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Yesteryear’s Memories: To Tip or Not to Tip

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Not so long ago, tipping someone for good service was the ‘nice’ thing to do. In the earlier part of the 1900s a ten percent tip was considered a good amount when the waitress did her job well. The delivery guy could get a nice tip, too, as long as he didn’t drop your groceries on your foot or take all day, allowing your milk to develop solid chunks. I understand that restaurant servers get paid a very low hourly wage and that they depend on tips to make a living. I understand that some people never tip even when a server goes way out of their way to be helpful and courteous. But something has happened in the custom of tipping. It’s become a controversy that people are a little afraid to talk about.

I guess it was my upbringing, but I learned that people should be rewarded for doing something good. Help someone cross the street, get praise. Pick up trash off the street, get a word of approval. Even returning a wallet should be applauded, but giving money for that deed is still something that should be an extra bonus decided on by the owner. Maybe the wallet only contained the last three dollars of someone on a fixed-income. Somehow, it has become expected to reward a good deed with money.

Don’t get me wrong, I love giving a monetary reward for a good turn. It’s kind and thoughtful and a great way to show appreciation. Servers in particular work hard and deal with difficult customers and situations and deserve to be compensated for their effort. On the other hand, I have been treated badly by wait staff with rude behavior and comments, and even eye rolling. Do they really deserve a tip?

It’s becoming quite a controversy. On one hand, there is the dictionary definition of gratuity — a free gift in return for service without claim or demand. I remember as a kid watching bellboys in the movies. They’d carry in the guest’s bags and stand there with their hand out. That seems to be on the fringe of being ‘without claim or demand.’ Then there were the pushy maître d’s who would clear their throat like they were choking until the restaurant patron handed over some cash. That came to be expected over time. But now, today, this ‘tip’ controversy has been elevated. If you don’t leave a tip of at least 20%, you will be shunned by others and maybe lectured on how the poor waitress will suffer for your cheapness. After all, she brought your food and your check. Even if she forgot to bring silverware and you had to grab some from another table, and she didn’t say a word while you switched plates because you both got the wrong dinner. You’re still barbaric and bad-mannered if you don’t give her the ‘expected’ twenty percent. But it gets even more burdensome. If there are more than four people in your party, they add on the 20% without asking. “Just pay it and like it, buddy”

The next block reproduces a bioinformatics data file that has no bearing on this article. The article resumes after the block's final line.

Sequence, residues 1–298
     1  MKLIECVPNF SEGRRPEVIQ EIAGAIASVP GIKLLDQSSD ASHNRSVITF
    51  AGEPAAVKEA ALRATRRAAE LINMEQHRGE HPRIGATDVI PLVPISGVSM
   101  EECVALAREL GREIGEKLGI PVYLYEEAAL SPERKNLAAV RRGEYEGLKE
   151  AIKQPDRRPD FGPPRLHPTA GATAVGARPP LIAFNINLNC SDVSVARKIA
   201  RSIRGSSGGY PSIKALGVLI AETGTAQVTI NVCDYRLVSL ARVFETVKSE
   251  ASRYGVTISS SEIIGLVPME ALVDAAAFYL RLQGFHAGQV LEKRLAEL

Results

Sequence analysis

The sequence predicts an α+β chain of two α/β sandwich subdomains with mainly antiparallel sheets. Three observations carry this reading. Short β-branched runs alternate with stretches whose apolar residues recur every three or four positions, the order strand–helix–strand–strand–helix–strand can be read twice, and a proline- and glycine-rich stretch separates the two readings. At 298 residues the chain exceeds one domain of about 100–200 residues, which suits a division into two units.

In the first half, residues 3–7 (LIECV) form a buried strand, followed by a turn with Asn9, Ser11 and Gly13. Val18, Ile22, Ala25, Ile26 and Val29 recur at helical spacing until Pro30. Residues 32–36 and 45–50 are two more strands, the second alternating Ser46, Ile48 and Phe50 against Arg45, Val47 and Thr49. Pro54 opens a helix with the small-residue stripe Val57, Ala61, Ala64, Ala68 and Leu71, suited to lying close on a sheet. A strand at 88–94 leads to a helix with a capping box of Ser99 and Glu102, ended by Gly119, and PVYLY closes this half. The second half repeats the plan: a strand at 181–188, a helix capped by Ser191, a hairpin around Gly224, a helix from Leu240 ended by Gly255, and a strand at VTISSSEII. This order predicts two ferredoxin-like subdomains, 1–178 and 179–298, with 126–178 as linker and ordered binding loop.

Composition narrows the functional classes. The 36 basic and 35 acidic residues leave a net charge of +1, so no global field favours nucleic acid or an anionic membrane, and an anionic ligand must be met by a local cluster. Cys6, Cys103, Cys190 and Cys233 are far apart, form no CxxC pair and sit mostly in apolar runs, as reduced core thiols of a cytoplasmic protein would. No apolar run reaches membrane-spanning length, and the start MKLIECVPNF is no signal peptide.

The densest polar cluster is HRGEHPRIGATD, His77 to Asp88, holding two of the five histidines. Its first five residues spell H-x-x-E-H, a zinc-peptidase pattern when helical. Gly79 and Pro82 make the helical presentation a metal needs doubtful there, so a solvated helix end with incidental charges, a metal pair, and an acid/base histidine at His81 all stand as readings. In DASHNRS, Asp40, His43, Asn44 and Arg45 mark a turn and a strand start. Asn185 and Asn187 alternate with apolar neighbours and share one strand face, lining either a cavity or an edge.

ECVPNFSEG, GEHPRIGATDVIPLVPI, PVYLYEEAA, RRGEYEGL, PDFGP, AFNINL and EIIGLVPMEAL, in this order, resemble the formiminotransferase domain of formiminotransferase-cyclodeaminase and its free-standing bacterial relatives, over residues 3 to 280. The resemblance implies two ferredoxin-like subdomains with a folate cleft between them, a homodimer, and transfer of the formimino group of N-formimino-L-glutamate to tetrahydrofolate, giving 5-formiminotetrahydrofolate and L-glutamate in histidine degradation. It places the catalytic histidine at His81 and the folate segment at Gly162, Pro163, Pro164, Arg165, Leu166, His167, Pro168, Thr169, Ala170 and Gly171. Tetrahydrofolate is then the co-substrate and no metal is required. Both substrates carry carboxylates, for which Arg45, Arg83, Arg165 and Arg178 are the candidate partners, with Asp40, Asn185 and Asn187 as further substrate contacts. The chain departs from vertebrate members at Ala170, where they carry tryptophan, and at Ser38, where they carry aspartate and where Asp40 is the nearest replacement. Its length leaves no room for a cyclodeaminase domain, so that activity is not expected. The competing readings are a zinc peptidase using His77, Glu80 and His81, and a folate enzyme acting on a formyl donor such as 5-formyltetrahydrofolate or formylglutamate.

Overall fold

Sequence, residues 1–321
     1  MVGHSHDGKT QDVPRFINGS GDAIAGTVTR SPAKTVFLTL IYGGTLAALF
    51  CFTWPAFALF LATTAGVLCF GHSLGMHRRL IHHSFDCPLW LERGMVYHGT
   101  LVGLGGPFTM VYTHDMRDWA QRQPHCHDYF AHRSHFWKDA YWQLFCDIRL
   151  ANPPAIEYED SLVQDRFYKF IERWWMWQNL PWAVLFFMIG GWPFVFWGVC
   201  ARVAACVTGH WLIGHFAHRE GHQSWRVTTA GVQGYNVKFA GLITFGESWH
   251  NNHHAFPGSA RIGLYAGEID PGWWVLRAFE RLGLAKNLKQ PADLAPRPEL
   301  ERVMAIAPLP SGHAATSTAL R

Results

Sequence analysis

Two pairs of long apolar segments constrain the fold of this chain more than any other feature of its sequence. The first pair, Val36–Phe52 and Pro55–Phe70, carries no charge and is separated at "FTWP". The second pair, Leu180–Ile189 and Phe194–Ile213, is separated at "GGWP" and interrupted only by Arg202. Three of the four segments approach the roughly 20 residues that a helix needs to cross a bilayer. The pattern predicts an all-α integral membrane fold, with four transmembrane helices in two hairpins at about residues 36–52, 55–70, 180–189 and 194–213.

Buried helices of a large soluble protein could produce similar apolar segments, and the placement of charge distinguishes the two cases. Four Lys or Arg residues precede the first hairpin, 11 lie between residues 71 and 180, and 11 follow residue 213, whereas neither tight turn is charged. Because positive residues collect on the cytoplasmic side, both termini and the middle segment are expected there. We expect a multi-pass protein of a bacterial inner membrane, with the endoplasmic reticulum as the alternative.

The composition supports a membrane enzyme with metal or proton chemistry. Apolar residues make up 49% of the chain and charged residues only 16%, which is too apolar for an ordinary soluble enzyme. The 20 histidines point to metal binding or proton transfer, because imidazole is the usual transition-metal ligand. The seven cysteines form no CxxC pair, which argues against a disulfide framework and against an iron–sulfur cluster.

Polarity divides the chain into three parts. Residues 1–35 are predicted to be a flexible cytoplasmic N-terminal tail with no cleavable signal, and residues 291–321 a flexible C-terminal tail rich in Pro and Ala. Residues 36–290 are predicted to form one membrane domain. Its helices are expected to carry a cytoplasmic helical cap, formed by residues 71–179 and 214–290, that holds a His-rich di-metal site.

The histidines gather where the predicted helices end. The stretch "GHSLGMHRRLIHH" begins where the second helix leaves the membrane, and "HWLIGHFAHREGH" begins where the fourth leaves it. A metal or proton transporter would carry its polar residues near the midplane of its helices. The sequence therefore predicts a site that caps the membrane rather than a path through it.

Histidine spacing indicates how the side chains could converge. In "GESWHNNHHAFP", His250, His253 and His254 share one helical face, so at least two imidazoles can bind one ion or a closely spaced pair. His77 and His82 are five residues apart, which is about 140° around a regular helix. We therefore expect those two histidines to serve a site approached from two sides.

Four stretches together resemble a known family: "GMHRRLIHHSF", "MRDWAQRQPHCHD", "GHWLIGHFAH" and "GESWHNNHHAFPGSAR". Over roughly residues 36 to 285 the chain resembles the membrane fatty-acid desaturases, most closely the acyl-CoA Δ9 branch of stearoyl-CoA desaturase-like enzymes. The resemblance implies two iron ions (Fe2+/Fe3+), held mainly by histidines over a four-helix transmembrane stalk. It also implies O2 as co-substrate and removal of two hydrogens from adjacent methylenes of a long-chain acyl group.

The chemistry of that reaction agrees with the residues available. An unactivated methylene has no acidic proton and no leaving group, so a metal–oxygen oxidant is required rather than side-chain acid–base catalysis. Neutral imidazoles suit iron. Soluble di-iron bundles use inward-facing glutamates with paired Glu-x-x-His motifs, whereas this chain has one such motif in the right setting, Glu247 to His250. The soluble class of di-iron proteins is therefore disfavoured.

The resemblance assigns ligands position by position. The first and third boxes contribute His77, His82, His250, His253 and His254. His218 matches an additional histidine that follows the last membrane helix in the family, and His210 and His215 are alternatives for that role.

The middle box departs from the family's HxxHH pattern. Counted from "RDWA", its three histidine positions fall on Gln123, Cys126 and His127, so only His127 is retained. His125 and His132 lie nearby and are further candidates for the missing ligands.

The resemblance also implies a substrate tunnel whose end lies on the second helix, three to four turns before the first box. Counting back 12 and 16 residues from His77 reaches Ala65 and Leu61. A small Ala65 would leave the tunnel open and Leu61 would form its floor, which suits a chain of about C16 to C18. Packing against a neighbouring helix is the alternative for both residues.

I suppose they can justify their demand by the fact that they pay the waitress just $4.95 an hour. In some states they pay as little as $2.13. And it’s up to you to fix that situation. But it’s reached a new height. Just last week I went into a home center type store to get a box of nails. I found the nails myself. I carried them to the counter. I scanned them on the checkout station as an employee sat off to the side, carefully scrutinizing his cellphone.

As the total came up on the little screen, there was a message.

“How much would you like to tip? And the choices were 20%, 25%, and 30%! In a store where I did all the work myself! The dictionary definition sprang to mind. “Free gift for service without claim or demand.” I searched the little screen for “no tip.” I checked the box and I could’ve sworn that cellphone boy there gave me a dirty look.

After the transaction, I calculated that I could have paid nearly seven bucks for that five dollar box of nails. In my mind, I figure I saved a couple bucks and as I walked out I saw a kid help a lady put a bag of charcoal in her trunk I decided then and there to give that boy a tip. I handed him two dollar bills and told him he was nice for helping her. He took them and looked at me for a second like I had two heads and then turned to her and said, “Ok ma’am — that’ll be five bucks.” She dutifully handed him a five dollar bill and got in her car to leave. I give up.

The post Yesteryear’s Memories: To Tip or Not to Tip appeared first on The Shoppers Weekly.



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